Specific Implications for Businesses
Should the UK leave the EU, this would impact its trading of goods and services, both with the EU and with the rest of the world. Such impact would substantially differ depending on the level of integration that the UK will be able to maintain with the Union.
In the case of a Brexit, an important distinction is to be made between trade with the EU and trade with other countries.
As regards the trade relations with the EU, Brexit would impact the free movement under which goods circulate without any barriers within the EU Single Market. The withdrawal agreement would need to include the terms according to which the UK would eventually keep all or most of the trade benefits it currently enjoys as part of the EU Single Market.
The UK would have the choice to join the European Economic Area (EEA) at the same time it leaves the EU, in practical terms, remaining a part of the Single Market (as is the case with Norway). The disadvantage of this option is that the UK would be subject to EU law and regulation without being able to influence its drafting. For instance, the need of the UK to secure access to the EU market for its cars or food will make it necessary to still comply with the European regulation in those sectors, but not be part of any related negotiations on such regulation.
Alternatively, the UK could include in the Withdrawal Agreement a bilateral arrangement with the EU similar to the one the EU has with Switzerland, which is not a member of the EU or EEA, but enjoys tariff-free access to the EU Single Market. However, the Swiss model is not easy to replicate — the EU and Switzerland have signed over 120 bilateral agreements, including a free trade agreement in 1972 and two major series of sectoral bilateral agreements that aligned a large portion of Swiss law with that of the EU at the time of signing. For many, these agreements have created a complex and sometimes incoherent network of obligations, which are not easy to sustain.
In addition, any preferential access to the Single Market could also trigger the intervention of other world trade partners of the EU, which could challenge this preferential treatment under the most-favoured-nation principle of WTO law.
Should the UK not be able to secure preferential access to the EU Single Market, its commercial relations with the EU will be governed by the WTO rules, which are not as wide in scope as the four freedoms of the Single Market.
As regards trade with non-EU countries, Brexit would impact several free trade agreements that the UK has benefited from as being part of the EU, including the ones with Korea, Chile, Mexico and South Africa. The ability of the UK to maintain the trade benefits negotiated for such a large trade zone — and in particular, the reduction of trade barriers — would largely depend on the not-easy legal interpretation of its rights as a remaining party to those agreements independently and in its own right, after having left the EU. Perhaps more significantly, the UK would be excluded from the benefits derived from any future agreements to be entered into by the EU, including TTIP, and further agreements with ASEAN, India or Singapore.
So, although the UK would enjoy more freedom in negotiating its own new bilateral trade treaties, it could compromise its bargaining power, as the EU as a whole currently represents one of the biggest and most powerful trading blocs in the world.
Much of the regulation of financial services in the UK is governed by EU law. This includes the regulation of banks, broker-dealers, insurers, insurance intermediaries, fund managers and payment services providers. Therefore, a Brexit would mean that financial institutions with operations crossing UK and EU borders would become subject to a new regulatory regime. The precise implications of a Brexit will depend on a variety of factors, including the arrangements that the UK implements to govern cross-border business between the UK and the remaining countries of the EU and the extent to which the UK government chooses to retain legislation that is based upon EU law.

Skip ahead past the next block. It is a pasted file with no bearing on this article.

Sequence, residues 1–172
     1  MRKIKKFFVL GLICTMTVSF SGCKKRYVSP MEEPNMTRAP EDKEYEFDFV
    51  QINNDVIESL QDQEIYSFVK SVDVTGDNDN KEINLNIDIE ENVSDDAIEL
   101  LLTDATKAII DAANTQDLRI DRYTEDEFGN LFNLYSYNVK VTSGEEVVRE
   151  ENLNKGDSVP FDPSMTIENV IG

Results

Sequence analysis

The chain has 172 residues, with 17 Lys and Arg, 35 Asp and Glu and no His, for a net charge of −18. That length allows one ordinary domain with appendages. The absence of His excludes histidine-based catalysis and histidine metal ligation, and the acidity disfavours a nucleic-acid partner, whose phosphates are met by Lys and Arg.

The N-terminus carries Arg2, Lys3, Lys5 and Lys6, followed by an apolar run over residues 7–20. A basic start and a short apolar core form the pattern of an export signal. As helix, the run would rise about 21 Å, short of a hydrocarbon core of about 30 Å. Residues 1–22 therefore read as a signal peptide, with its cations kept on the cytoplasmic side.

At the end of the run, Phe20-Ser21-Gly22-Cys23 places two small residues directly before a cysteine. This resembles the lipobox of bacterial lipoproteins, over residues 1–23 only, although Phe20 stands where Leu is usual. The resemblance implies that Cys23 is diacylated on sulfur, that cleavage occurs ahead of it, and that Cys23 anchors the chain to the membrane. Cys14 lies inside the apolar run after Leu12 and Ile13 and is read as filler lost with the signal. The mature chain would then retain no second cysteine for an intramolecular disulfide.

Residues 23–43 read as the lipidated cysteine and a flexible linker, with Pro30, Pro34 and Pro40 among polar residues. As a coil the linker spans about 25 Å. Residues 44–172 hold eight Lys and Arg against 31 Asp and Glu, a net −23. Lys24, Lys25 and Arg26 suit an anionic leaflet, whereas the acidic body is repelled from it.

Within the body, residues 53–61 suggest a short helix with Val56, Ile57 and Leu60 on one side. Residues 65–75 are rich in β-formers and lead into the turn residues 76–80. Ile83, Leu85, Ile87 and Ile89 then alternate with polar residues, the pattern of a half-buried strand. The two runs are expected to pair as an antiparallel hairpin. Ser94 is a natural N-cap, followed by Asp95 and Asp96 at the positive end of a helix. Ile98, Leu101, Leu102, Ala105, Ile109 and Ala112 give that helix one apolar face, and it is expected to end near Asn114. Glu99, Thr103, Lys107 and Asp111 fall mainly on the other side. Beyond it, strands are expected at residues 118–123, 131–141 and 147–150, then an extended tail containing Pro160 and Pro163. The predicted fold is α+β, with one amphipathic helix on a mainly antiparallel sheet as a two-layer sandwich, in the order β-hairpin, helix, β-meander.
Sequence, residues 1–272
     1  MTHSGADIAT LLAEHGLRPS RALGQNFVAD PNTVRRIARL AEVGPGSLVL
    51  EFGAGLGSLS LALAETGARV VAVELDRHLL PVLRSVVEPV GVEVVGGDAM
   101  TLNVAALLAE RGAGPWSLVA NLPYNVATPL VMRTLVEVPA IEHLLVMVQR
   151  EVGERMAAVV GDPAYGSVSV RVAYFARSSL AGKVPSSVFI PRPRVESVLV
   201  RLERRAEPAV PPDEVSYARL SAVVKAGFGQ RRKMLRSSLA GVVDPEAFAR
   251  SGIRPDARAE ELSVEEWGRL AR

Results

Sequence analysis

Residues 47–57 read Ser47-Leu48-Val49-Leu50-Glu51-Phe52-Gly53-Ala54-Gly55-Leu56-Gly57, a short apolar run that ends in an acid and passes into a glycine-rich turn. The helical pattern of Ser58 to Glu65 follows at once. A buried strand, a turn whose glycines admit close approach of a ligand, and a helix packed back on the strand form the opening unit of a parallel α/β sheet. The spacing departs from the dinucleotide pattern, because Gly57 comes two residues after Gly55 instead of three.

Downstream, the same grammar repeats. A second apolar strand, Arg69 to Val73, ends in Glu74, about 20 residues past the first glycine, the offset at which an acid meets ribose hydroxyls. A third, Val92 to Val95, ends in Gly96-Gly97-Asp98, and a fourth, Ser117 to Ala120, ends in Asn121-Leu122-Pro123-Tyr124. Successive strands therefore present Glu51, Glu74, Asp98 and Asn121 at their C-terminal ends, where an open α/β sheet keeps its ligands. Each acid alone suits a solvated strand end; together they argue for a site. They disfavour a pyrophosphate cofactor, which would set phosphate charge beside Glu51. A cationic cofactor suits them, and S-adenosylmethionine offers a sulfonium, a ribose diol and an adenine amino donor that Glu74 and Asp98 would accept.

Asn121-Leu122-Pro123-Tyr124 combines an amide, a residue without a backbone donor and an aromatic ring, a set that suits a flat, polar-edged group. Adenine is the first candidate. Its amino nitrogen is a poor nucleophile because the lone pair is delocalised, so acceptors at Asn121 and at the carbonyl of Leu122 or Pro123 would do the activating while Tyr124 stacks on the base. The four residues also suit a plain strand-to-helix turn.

An important element of the EU financial services regime is "passporting". Passporting is the exercise of the right by firms authorised under an applicable EU financial services directive to carry on activities in another EEA member state, on the basis of their home state authorisation. Their activities can be conducted through a branch in the host member state or on a cross-border services basis.
Many firms have adopted a business model based upon passporting to conduct their EU-wide operations. Should a Brexit result in the passporting regimes ceasing to apply in relation to business conducted into and out of the UK, firms in the UK and the remaining EU would need to consider whether to operate distinct authorised entities in both the UK and EU. Some non-EU financial institutions, which have established subsidiaries in the UK as a base from which to passport into the EU, might need to consider whether to move their base elsewhere. However, much will depend on the extent to which arrangements can be implemented to replicate passporting between the UK and EU, including whether the UK will be part of the EEA and able to participate in the arrangements that facilitate the cross-border provision of financial services between EEA member states.
Apart from strategic implications for the structure of EU business operations, a Brexit would trigger a host of practical implications for how financial institutions operate their businesses. For instance, where financial institutions distribute their products in the UK and elsewhere in the EU, they would need to review product terms, distribution agreements and marketing literature to consider whether these need to be amended or replaced as a result of a potential regulatory separation.
Although much of the UK's current employment law framework derives from the EU, it is generally thought unlikely that the UK's exit from the EU would result in significant legal changes, at least in the short term. There are several reasons for this.
First, the UK government would be concerned about the impact on its economy if sudden, wholesale changes to well-established employment principles were to be introduced at once. This would create a period of uncertainty for businesses at a time when economic confidence is already fragile. Many employment rights that originated at EU level, such as paid holiday or the right not to be discriminated against, are generally considered to be “good things”. Even TUPE is now generally accepted (as shown by the recent government consultation on proposed changes) and many commercial agreements have been priced, drafted and signed on the basis that it applies. The government may identify a handful of less popular pieces of legislation which it considers could be removed without too much disruption, such as the Agency Workers Regulations 2010 and even the limits on bankers' pay contained in CRD IV, but it will be reluctant to implement a wholesale purge of any laws that have ever come from the EU.